"Redistributive Change"--Bernstein, not Sunstein: David Bernstein's take on that Obama "redistributive change" radio interivew seems sound. As Obama's defenders note , he was opposing using the courts to achieve RC, though perhaps as a practical matter and not as a matter of principle. But Obama cadre Cass Sunstein didn't do his reputation any good if he really pretended Obama only meant (in Ben Smith's summary) "narrower forms of redistribution -- education, legal filing fees, legal representation, and other issues." Obama was clearly talking more generally--certainly when he seemed to endorse redistribution through political action. Anyway, if one of the "narrower forms of redistribution" was a constitutional right to "welfare" or a minimum income, how much broader do you have to get to violate the venerable and politically central American consensus that income should only come with work? ...
Still, as Bernstein notes, we knew Obama believed in "redistributive change." The question is always what that means. Traditionally Democratic pols leave it alarmingly vague, with no identifiable stopping place at which enough redistribution is enough. Obama is no exception. But this radio interview makes him seem both smarter and a bit less paleoliberal than most voters probably think he is.
If this is the best they've got on him ... 1:59 A.M.
I never met Dean Barnett. I don't know what he looked like, never knew what he did for a living or, until today, when he died from cystic fibrosis , how old he was. But as soon as I stumbled onto his Soxblog a few years ago I knew this was a clear-headed, humane, no-BS person--the sort of person the Internet is supposed to discover and promote, which it did. Barnett was a man of the right. Here is the gracious tribute he posted when Steve Gilliard, a caustic Kos blogger whom he admired, died-- also at 41.
Mark Steyn told us to pray . It didn't work. Fuck. 12:15 A.M. .
Monday, October 27, 2008
Everybody's Pitching In (6)! Chris Martin has done his part ! ... 9:59 P.M.
"Realignment" ain't what it used to be: Just when the Democrats are about to achieve permanent political dominance, political analysts go and discover that permanent political dominance is no longer possible . Typical! The NYT 's John Harwood blames a persistently large number of swing voters and young, solution-oriented voters. I'd add the Feiler Faster Thesis , which means that any realignment-eroding adjustment process should now happen within one or two election cycles, rather than over decades. .. Karl Rove's dream of a Republican "realignment" turns out to have been more deluded than the neocon dream of a democratic Iraq. The latter didn't really kill the former, which was doomed all along. ... Of course, Rove is a student of history, and those who don't ignore history are condemned to think it will be repeated. ... . P.S.: Talk about "swing voters" seems a shorthand way of describing the result of a) ideological convergence b) declines in powerful interest groups (e.g.,unions) and c) fading historical memories. After the 2000 election, it appeared that these factors would guarantee us a future of painfully close elections-- "50-50 Forever." That no longer resonates--not only do we seem about to have a non -50-50 election, but even formerly stable mass institutions like stock markets are routinely experiencing wild swings. Still, in politics at least the swings are now likely to swing back quickly. (And I still don't quite see why, over time, the swings wouldn't also become less wild. But they probably said that about stock markets too). ... 9:40 P.M.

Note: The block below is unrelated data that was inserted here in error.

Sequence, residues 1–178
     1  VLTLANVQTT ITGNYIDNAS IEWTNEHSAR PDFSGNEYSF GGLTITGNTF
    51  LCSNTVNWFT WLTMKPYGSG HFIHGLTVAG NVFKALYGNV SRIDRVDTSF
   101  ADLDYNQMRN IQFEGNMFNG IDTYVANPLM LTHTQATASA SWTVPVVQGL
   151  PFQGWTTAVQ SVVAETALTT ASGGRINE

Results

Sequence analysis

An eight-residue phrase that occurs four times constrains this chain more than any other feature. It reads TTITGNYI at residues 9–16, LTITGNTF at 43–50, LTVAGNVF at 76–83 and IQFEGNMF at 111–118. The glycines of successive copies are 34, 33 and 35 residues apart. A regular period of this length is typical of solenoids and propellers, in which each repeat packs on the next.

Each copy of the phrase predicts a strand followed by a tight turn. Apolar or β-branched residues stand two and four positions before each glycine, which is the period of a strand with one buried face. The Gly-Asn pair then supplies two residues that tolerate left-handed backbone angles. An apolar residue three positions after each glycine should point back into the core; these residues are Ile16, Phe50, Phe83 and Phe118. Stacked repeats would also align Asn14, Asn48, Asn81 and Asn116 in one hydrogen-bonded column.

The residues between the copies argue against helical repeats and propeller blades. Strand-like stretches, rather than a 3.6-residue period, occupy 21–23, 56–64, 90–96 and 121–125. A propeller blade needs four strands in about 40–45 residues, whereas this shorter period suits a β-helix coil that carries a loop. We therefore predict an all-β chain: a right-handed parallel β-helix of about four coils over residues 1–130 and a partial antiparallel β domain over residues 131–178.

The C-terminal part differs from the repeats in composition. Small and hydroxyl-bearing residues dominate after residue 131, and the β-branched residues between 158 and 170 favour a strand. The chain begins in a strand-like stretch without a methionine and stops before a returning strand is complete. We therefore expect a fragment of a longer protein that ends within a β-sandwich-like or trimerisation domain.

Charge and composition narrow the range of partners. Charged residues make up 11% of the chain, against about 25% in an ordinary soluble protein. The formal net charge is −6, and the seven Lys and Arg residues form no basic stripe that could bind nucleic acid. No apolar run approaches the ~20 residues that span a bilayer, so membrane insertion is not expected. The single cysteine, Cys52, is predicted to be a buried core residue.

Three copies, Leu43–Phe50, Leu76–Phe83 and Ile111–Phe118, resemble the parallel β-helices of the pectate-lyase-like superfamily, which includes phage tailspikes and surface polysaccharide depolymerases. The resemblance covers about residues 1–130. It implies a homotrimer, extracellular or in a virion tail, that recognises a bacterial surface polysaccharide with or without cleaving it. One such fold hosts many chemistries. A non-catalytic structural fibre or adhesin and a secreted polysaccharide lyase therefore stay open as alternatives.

My gut was telling me that this was a teachable moment and that if I tried to do the usual political damage control instead of talking to the American people like an adult—like they were adults and could understand the complexities of race that I would be not only doing damage to the campaign but missing an important opportunity for leadership.
There are good reasons to have high expectations for an Obama presidency, but the possibility of more "teachable moments" isn't one of them. Is the presidency an adult education class? The whole concept of seeing voters as needing "teaching"--as opposed to persuading, or even selling-- seems more than a bit condescending. [ He was just sucking up to Joe Klein--ed Good point.] 2:47 A.M.
Andrew Gumbel's Nation take on Republican "vote suppression" is too level-headed for most of my Westside L.A. neighbors--he swipes at "hardworking but underqualified Internet campaigners" who "were breathlessly denouncing nonexistent political plots cooked up by the Republicans and the makers of touch-screen voting machines." Gumbel's conclusion is that "the wheels started coming off" the GOP effort this year. And
even the most insidious vote suppression technique makes just a marginal difference--one half-percentage point here, another there--and comes seriously into play only in a close race. Such tactics can't prevent an Obama landslide, if that is what we are about to see, or overturn a two- to three-point victory in any given state.
P.S.: I still don't see what's so terrible about the practice of "caging," which, according to Gumbel, is when a party sends out "out nonforwardable mail" and "uses returned envelopes to question the eligibility of the addressees." Presumably the evidence provided by the envelopes can be rebutted, and the Democrats could do the same in Republican districts. The adversarial system at work! ... On the other hand, I still worry, along with the "underqualified Internet campaigners," about touch-screen voting machines. They seem to add little but ineradicable distrust to the electoral process. ..
P.P.S.: Gumbel predicts a voting machine shortage in Virginia. ... . 2:27 A.M.
Leftish bloggers worry about what they'll do if Obama ... wins. 2:26 A.M.
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